These six key numbers show why Donald Trump's agenda is collapsing
2 — the number of federal court decisions striking down President Donald Trump's newest travel ban.
After the president's first executive order banning travel and immigration from certain Muslim-majority countries was struck down, the White House had hoped the second, narrowed order would not face a similar fate. But hours before the ban was to go into effect, a judge in Hawaii said the order should not be implemented. The judge's decision relied heavily on past public statements made by Trump and his advisers. U.S. District Judge Derrick Watson wrote, "the executive order was issued with a purpose to disfavor a particular religion, in spite of its stated, religiously neutral purpose." Read more from Watson's decision.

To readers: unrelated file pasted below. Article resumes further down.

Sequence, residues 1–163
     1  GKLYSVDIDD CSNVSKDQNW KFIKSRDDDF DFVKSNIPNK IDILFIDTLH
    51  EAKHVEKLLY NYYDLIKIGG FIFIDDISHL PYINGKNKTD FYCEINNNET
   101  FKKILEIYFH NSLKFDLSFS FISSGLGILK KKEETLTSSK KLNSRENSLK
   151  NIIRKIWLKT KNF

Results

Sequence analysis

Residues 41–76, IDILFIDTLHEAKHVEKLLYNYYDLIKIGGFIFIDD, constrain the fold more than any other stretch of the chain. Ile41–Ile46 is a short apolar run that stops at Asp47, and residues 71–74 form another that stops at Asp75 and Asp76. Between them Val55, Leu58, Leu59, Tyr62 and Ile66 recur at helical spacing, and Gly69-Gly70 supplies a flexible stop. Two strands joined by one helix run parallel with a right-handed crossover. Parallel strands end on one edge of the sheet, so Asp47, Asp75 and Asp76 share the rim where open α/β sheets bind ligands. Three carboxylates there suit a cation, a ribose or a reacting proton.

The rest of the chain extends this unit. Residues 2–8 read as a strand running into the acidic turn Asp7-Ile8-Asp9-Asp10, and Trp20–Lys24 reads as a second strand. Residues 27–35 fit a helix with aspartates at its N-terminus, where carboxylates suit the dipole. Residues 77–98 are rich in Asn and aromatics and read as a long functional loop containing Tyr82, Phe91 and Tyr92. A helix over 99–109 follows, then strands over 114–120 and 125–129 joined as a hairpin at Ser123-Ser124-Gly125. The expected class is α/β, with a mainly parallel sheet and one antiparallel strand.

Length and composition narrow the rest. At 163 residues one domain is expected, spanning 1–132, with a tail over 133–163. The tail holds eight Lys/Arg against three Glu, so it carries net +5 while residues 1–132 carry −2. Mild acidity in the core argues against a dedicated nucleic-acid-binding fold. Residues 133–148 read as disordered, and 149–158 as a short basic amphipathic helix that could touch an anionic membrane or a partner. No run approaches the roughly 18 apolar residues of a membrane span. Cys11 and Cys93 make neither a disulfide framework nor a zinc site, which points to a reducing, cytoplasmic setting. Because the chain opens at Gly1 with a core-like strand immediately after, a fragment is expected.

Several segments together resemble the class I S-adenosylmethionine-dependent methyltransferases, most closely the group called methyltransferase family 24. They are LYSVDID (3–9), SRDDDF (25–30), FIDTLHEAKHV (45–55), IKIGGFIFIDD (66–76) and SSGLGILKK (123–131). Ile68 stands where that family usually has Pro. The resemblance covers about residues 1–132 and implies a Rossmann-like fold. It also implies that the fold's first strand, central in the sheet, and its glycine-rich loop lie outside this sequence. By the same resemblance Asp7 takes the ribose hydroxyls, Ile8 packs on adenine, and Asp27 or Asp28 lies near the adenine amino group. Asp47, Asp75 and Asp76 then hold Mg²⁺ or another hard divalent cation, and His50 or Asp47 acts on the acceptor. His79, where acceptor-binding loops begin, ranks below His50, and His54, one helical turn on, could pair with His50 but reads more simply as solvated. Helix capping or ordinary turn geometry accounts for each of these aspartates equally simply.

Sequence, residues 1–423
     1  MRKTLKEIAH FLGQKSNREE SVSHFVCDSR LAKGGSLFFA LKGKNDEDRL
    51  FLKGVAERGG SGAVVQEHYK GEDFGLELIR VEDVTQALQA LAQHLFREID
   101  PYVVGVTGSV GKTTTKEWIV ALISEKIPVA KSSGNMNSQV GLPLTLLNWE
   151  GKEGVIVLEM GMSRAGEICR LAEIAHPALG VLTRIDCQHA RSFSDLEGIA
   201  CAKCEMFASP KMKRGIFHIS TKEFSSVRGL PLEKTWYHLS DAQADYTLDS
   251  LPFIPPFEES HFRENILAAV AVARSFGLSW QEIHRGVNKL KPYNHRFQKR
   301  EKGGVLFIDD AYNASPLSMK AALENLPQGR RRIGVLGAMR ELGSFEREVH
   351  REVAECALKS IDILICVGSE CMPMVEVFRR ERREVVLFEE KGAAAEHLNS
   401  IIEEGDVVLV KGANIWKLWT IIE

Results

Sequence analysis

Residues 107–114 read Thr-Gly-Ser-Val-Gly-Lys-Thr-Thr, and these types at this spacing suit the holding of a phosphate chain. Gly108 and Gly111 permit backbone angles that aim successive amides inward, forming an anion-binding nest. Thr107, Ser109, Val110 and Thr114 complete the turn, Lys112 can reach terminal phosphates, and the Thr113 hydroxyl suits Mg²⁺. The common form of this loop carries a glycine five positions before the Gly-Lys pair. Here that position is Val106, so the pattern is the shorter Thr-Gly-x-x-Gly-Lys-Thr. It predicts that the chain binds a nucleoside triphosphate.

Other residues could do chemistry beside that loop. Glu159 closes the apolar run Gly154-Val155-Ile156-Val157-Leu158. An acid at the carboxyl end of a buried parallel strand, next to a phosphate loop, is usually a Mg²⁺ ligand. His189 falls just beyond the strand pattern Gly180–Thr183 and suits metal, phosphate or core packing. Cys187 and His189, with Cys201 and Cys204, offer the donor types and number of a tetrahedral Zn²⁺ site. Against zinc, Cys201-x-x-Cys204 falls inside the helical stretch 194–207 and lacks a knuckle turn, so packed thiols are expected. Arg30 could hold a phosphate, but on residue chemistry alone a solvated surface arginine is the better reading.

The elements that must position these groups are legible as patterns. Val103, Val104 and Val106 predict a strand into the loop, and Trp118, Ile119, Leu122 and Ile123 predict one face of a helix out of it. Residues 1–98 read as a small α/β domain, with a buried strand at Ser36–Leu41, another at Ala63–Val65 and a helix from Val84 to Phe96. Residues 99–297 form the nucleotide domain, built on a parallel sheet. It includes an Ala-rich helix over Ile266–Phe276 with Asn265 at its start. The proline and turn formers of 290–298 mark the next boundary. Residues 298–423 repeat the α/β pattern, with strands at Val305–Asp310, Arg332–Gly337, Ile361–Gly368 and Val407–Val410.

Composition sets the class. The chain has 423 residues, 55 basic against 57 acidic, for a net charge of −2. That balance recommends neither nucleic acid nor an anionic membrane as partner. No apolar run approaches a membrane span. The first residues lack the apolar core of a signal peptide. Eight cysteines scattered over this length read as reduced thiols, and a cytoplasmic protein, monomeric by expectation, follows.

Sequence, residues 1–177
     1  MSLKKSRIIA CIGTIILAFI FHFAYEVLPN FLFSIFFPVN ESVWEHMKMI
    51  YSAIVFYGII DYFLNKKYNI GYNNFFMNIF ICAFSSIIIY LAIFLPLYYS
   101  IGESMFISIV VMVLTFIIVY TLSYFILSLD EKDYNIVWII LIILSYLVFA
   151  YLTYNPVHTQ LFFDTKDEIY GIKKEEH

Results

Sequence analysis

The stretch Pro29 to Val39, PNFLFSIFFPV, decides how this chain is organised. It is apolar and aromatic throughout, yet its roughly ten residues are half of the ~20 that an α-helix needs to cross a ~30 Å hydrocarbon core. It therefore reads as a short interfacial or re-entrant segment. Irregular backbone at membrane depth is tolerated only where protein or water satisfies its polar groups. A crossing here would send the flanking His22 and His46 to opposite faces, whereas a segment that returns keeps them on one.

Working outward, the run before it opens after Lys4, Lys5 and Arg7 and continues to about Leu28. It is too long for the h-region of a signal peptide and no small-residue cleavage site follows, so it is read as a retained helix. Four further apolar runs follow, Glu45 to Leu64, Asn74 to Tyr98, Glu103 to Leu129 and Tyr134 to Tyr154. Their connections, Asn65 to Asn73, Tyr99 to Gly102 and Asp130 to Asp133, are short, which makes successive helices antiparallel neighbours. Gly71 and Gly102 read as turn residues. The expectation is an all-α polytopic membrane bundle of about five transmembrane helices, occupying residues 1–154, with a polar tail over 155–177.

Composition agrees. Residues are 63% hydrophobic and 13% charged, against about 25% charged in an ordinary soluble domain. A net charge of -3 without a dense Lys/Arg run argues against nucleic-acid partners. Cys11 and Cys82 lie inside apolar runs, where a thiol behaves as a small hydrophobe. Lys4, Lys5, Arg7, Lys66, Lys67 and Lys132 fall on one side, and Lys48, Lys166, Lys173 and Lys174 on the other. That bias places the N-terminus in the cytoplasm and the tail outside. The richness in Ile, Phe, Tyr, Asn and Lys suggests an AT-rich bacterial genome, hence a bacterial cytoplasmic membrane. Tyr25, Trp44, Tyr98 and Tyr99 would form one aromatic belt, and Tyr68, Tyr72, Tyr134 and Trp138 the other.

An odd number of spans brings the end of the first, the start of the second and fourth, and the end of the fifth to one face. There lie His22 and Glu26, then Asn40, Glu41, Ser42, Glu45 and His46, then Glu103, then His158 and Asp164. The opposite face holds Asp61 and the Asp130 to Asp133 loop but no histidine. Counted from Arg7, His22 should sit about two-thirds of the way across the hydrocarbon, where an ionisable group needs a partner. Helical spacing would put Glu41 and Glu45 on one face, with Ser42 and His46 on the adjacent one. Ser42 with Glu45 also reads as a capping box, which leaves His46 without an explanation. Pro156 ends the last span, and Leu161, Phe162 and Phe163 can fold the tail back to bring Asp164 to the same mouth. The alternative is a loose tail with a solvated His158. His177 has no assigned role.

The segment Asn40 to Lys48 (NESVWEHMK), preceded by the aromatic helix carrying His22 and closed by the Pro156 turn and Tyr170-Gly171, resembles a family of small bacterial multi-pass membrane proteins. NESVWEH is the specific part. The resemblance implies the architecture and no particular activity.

On Thursday, a federal judge in Maryland also ruled against Trump's revised order.
5 — the number of times Trump's two bans have lost in federal court.
So Trump's latest ban has lost twice in court — that's on top of the three times his original order faced comprehensive legal blows. The lead attorney in the Hawaii case told MSNBC that presidents rarely lose cases on national security grounds. "There's only been a handful of presidents that have lost cases on national security grounds in an entire history," Neal Katyal said. Trump's losses are "not a good omen for the future."
24 million — the number of additional people who will lose or go without health insurance by 2026 under the American Health Care Act.
The Congressional Budget Office estimate, released Monday, immediately raised alarms that the Republican health insurance plan was in trouble. A little more than a week after the bill's release, House Speaker Paul Ryan (R-Wisc.) is now saying the AHCA will need changes to pass the House. A dozen Republican senators have already criticized the legislation, making passage of its current form doubtful. The CBO score will allow the House to "make some necessary improvements and refinements," Ryan said Wednesday — a break from his earlier comment that voting on the bill was a "binary choice." Vice President Mike Pence also told House Republicans the bill could change.